Anyone who’s ever gone through a rec center construction project knows nothing ever goes as expected. Layouts change, dates get pushed back and budgets have to be adjusted. At the end of every big project, there are several renovation lessons you’ll never forget.
In each print issue, Campus Rec features a rec center doing something special on its campus and that usually involves an innovative renovation. And in every story, the recreation professional we spoke to had more than a few renovation lessons they gleaned from the experience.
Today, we hope to pass some of that knowledge to you. Below are some words of wisdom from experts in past editions of Campus Rec’s Building Blocks feature:
CC: The planning process can be long, confusing and frustrating at times. Likely, aspects of your “dream project” will be reduced or eliminated totally based on budget.
Be sure to fight the right battles for important elements that will impact operations and programming. Things like adequate HVAC, proper flooring for different activity space and adjustable lighting can all make a huge difference.
In five years post-renovation, there are a number of decisions we made that just haven’t worked exactly as planned. Even though you consult with students during the planning stages to gauge interest, the population and trends are ever-changing. Our students always have new ideas, and trends have led us to activities we could not have predicted in 2005.
Here’s my sillier takeaway: don’t use white walls. They might help lighten up the facility and look beautiful when you open, but try keeping 1,200 users a day from touching anything.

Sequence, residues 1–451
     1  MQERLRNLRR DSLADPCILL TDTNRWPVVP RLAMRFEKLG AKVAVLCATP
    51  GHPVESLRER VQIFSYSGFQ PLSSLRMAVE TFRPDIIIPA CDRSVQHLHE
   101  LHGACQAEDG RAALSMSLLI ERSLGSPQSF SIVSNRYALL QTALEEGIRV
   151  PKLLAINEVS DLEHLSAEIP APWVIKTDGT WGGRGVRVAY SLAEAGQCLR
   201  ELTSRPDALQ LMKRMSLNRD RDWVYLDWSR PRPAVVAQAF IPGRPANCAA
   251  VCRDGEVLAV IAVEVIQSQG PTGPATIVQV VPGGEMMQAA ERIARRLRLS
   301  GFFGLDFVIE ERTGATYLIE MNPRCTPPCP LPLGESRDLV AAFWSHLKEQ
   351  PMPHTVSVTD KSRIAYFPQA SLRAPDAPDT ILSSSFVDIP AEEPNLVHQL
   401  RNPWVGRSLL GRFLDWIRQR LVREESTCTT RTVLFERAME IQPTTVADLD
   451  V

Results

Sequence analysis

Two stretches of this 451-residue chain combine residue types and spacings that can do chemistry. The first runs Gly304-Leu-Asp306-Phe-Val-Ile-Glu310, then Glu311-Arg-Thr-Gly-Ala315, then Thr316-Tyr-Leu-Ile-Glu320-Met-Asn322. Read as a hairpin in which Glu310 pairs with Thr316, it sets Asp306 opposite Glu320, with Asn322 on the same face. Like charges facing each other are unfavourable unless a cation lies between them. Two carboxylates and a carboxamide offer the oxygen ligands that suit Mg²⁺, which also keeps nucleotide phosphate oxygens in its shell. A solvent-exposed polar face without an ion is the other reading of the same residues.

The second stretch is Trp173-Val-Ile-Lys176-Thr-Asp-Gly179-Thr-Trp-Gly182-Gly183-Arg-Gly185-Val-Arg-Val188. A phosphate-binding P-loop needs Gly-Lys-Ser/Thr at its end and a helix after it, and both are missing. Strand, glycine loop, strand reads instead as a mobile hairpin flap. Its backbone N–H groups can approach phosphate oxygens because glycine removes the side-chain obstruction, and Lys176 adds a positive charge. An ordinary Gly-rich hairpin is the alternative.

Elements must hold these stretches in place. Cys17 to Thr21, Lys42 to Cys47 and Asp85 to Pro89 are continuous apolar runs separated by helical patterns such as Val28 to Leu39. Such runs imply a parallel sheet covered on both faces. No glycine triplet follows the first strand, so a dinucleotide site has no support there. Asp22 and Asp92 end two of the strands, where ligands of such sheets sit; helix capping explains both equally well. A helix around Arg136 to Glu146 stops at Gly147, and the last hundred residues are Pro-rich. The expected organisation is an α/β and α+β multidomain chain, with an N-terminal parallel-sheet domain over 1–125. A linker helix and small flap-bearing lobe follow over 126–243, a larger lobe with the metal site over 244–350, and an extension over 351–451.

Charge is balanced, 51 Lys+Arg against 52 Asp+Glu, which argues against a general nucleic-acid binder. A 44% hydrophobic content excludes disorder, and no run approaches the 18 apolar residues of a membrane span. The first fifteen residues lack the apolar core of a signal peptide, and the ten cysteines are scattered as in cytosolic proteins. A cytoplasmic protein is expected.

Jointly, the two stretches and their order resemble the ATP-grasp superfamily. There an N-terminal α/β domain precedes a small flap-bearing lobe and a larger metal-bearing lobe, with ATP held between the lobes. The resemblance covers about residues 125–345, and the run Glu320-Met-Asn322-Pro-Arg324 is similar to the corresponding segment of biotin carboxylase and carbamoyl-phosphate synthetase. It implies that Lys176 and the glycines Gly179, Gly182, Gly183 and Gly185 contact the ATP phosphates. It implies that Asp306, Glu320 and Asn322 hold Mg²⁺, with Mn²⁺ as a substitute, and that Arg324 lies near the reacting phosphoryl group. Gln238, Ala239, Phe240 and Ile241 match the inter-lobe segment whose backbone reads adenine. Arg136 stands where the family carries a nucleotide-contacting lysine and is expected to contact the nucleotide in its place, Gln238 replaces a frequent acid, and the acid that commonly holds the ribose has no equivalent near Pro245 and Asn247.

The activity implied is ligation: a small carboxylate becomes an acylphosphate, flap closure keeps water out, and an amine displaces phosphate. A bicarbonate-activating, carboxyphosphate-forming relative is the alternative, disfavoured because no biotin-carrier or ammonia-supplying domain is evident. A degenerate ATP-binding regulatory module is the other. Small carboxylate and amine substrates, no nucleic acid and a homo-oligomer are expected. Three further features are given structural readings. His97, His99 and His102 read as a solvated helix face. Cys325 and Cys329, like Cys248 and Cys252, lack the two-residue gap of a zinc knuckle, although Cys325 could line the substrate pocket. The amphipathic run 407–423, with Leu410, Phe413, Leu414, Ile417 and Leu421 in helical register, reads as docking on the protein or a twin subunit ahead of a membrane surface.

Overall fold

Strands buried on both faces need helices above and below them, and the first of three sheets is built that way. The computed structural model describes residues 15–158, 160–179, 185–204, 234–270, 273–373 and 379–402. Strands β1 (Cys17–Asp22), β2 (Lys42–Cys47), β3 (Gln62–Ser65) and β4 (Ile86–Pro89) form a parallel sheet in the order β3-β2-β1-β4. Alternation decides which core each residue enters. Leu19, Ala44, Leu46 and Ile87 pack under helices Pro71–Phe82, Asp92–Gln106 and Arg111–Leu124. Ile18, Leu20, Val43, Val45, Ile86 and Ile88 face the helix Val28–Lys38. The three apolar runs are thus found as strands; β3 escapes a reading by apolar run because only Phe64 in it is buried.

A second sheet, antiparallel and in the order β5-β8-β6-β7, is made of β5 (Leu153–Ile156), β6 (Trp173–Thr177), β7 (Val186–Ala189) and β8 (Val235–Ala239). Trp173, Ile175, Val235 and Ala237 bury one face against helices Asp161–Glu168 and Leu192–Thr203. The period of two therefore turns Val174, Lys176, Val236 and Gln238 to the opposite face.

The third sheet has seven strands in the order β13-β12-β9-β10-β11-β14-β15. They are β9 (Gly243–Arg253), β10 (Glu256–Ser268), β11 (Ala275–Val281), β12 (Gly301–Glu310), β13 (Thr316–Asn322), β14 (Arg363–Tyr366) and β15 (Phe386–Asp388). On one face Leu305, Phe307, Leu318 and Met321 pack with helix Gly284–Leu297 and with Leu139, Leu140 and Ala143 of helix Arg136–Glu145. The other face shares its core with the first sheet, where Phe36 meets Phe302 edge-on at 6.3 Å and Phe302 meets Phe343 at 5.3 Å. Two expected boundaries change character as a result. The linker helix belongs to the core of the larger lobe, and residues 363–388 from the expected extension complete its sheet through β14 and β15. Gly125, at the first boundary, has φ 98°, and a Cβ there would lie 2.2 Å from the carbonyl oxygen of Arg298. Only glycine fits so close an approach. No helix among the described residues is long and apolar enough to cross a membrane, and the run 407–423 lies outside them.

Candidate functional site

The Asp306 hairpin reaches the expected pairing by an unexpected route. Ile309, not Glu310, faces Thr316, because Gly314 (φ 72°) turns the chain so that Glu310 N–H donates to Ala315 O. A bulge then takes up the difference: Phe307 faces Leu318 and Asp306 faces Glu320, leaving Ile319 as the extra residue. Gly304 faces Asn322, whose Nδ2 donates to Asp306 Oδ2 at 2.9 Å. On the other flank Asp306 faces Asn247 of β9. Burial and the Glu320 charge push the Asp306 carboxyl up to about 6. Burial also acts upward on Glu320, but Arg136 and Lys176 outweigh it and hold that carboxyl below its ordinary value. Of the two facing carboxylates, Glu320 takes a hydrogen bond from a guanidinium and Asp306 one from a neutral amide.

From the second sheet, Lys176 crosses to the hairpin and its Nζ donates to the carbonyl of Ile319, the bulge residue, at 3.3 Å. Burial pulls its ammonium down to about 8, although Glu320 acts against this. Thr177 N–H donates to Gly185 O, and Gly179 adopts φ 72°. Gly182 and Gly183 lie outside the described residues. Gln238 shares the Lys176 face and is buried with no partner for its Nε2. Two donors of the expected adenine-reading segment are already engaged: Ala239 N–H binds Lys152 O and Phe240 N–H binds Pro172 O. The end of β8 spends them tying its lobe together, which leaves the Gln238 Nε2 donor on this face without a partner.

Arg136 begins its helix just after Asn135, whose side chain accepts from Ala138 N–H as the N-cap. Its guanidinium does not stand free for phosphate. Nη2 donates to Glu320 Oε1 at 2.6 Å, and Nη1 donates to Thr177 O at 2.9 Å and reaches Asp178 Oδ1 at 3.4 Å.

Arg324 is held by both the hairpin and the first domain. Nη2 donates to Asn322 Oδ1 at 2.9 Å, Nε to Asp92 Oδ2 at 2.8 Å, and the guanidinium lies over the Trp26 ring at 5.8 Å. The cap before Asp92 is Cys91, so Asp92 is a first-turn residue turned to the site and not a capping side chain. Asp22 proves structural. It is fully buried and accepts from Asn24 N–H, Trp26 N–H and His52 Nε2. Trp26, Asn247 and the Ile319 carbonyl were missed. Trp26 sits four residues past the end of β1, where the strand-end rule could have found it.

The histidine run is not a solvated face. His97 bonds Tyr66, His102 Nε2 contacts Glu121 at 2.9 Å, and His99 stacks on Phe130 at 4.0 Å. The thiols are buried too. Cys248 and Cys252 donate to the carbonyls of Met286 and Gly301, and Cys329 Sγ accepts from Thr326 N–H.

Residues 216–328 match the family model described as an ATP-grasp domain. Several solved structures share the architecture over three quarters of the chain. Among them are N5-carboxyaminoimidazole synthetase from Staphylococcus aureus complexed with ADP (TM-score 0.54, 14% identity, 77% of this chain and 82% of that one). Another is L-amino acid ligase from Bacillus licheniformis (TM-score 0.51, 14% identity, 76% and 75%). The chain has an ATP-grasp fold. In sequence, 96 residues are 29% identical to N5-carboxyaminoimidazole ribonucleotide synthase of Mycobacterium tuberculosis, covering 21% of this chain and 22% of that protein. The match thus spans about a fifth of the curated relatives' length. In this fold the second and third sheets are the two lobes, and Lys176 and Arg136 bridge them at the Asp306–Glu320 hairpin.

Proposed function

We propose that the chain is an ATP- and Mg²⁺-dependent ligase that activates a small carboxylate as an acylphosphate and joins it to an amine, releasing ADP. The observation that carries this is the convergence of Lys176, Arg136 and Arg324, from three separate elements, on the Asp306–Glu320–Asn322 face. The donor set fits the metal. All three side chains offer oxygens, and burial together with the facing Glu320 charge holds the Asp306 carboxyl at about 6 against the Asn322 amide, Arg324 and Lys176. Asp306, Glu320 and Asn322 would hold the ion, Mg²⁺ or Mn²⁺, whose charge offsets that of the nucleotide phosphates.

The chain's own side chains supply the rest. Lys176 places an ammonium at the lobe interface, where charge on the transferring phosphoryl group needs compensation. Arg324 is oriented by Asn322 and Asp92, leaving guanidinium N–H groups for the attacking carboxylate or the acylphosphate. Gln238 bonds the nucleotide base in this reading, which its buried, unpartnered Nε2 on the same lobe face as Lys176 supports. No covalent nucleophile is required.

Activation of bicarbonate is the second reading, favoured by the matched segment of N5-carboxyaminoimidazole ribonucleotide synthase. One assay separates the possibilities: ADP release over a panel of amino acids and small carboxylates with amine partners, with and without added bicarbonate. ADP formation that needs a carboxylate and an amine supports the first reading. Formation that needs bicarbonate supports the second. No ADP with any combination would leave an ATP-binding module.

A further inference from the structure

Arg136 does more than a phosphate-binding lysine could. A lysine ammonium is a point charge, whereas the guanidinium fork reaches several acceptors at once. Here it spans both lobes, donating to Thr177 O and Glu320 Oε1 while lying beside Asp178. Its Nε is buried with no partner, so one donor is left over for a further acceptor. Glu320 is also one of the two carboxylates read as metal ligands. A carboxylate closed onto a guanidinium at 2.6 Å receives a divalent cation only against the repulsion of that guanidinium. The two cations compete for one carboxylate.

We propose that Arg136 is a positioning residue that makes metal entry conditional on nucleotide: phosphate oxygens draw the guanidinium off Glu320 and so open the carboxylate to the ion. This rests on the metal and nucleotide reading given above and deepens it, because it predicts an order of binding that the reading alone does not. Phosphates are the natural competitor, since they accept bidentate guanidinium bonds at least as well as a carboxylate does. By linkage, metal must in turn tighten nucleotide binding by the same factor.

SH: Having a great construction management team is extremely helpful. We had Robins and Morton, and they were excellent.
Document, document, document. Document everything.
Having a seat at the table is extremely valuable — I’ve heard too many horror stories in our field about not being able to communicate department needs.
Study your drawings and documents to make sure you know what is going on. Trust your staff to do their part and let them help make the project great.
Let someone else tell you no. If you have an idea, share it. If you have a request, request it. When it’s time to make financial cuts, you will have a better idea of what you can and can’t have.
Make certain you have support of your upper administration — we did — or your project will not be very enjoyable.
KB: Oftentimes the tendency is to buy as much equipment and fill up the new space. We took the approach that we would acquire new pieces of equipment but still maintain open space that would allow us to monitor actual usage trends, stay flexible with layout and make future purchases to meet the ever changing needs of our students.